Indians give Chinese places hilarious names after China renames 15 places in Arunachal Pradesh

Indo-China border at Bum La Pass in the Zemithang circle. Image by Tabish Q via Wikimedia Commons. CC BY-SA 3.0.

Indo-China border at Bum La Pass in the Zemithang circle in Arunachal Pradesh. Image by Tabish Q via Wikimedia Commons. CC BY-SA 3.0.

After China announced standardized names for 15 places in the northeastern Indian state of Arunachal Pradesh, India reacted strongly, saying that the state is an integral part of India and China does not have the right to rename places. However, Indians on Twitter rose to the occasion, naming Chinese places with Indian names in a hilarious engagement.

On December 30, 2021, the Chinese state-run Global Times reported that China's Ministry of Civil Affairs has standardized “based on sovereignty, history” in Tibetan, Chinese characters and Roman alphabet the names of 15 places in Zangnan (South Tibet) which consists of areas in Arunachal Pradesh. Among the changed names eight are residential areas, four are mountains, two are rivers and one is a mountain pass.

Indian journalist Ananth Krishnan said:

The McMahon Line

India considers that the legal national border with China is along the the McMahon Line in Arunachal Pradesh, which was decided by representatives of Tibet and British India as part of the 1914 Simla Convention. However, China does not recognize this, saying that Tibet was not independent of China and there was no Chinese representative at the convention.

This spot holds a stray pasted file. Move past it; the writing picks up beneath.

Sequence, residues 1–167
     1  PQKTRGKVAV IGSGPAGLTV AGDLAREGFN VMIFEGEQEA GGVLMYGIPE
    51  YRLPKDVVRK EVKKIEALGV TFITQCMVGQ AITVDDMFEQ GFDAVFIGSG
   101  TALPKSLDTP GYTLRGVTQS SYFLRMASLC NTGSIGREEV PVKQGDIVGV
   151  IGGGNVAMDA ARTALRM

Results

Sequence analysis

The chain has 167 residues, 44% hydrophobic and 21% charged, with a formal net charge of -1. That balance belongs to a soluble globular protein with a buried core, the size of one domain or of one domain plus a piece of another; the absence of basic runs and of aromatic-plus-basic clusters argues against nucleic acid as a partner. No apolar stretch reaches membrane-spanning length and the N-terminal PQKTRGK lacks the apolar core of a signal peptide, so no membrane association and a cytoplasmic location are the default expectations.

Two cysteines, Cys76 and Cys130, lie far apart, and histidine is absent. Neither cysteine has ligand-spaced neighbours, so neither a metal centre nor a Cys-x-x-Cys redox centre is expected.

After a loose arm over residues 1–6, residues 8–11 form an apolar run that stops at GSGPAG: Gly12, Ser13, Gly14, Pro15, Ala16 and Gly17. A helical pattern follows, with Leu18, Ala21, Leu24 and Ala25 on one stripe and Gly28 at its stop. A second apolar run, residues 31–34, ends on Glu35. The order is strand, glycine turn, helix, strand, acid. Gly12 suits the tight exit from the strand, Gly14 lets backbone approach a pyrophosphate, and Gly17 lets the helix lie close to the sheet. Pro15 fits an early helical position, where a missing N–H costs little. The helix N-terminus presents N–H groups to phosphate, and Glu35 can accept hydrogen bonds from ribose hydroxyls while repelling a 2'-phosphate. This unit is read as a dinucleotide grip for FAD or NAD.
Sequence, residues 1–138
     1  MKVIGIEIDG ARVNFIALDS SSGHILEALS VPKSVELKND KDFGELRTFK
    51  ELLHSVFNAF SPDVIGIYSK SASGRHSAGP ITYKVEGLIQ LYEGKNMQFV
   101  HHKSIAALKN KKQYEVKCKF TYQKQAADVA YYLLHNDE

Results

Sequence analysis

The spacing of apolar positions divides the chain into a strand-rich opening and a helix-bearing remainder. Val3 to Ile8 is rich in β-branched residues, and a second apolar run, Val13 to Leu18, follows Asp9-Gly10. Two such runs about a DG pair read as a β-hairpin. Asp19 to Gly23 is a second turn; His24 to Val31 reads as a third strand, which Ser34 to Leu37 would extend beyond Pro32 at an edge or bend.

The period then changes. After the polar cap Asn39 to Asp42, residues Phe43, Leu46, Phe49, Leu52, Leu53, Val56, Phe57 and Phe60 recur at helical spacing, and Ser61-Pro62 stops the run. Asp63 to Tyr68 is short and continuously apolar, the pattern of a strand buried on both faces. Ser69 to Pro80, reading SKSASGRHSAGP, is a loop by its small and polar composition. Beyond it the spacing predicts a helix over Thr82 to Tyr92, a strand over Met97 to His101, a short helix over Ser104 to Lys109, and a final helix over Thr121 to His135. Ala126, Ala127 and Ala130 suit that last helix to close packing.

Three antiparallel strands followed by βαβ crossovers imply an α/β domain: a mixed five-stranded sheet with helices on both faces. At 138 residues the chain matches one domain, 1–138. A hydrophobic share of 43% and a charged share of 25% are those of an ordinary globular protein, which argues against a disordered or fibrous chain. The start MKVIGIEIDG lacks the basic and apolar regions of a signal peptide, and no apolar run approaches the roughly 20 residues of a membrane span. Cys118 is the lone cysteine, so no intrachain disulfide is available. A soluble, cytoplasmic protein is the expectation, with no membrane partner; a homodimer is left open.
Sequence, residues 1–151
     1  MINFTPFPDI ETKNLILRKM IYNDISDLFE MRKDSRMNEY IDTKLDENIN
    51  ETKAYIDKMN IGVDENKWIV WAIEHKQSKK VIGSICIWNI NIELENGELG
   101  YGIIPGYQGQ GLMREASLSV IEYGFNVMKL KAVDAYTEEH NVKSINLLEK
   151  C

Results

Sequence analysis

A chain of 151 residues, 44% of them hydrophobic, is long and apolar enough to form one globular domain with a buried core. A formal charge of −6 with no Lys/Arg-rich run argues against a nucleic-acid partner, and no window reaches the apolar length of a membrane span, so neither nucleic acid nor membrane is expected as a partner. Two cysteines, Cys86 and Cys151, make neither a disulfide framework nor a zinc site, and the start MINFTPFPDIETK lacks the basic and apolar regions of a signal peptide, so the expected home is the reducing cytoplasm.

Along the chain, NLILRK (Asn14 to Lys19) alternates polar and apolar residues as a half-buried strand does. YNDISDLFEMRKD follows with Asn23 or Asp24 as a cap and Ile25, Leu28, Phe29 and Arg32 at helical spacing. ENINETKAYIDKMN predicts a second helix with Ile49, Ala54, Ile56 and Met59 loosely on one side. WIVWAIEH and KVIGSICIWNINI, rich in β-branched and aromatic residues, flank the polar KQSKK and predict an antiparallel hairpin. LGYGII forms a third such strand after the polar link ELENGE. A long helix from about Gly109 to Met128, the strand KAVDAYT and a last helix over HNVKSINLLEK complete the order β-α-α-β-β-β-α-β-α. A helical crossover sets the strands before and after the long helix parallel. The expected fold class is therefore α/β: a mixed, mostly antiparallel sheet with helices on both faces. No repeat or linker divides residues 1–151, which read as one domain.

In Chinese maps, around 65,000 sq km of the territory south of the McMahon line is shown as part of the Tibet Autonomous Region (South Tibet); the dispute has led to border skirmishes over the past few decades.

In 2017, China first unilaterally renamed six “official” names for places in Arunachal Pradesh, allegedly to reaffirm the country's “territorial sovereignty” to the region. This new move to change 15 names came ahead of the new land border law, which took into effect on January 1, 2022. Under this law, China is mandated to “take measures to safeguard territorial integrity and land boundaries,” among other things.

The Indian Ministry of External Affairs, however, stressed that China's actions do not change the fact that Arunachal Pradesh is an integral part of India. Indian journalist Sidhant Sibal tweeted:

Memes on Twitter

Reacting to the news, Indians took to Twitter to retaliate with made-up Indian names for Chinese places.

Twitter user Harpreet (@CestMoiz) shared the news with some renaming invention of a local Whatsapp community:

Beijing as Bhujang Nagar, Tibetian capital Lahsa as Laxmangarh and Tibet as Tivatianagar!

Another user, Bhargavi (@smna17), chimed in naming Xinjiang Sivaganga Nagar. Harpreet's thread contained more hilarious naming such as New Chandigarh for Chengdu, Hanumangarh for Hubei and Gandhinagar for Guangzhou.

Twitter user Bishwa mentioned:

Meanwhile, Facebook user Sardhon Teron commented on a piece of related news on the Northeast Today Magazine's Facebook page.

If Arunachal is an integral part of India, forget about 15 names even 1000 names doesn't matter. It is us who give names not China. China is just playing (a) propaganda game.

Twitter user Purnima Andrade commented:

User देशी छोरा (Country boy) from Hyderabad tweeted:

User S. Vasudeva Rao tweeted:

Sudha Ramachandran mentions in The Diplomat that a similar tactic was used by Beijing on the disputed South China Sea. In April 2020, China announced the Chinese names of 80 islands and reefs in the South China Sea in addition to their coordinates to mark out claims. Ramachandran predicts that the Chinese government is expected to announce more lists in the coming months.

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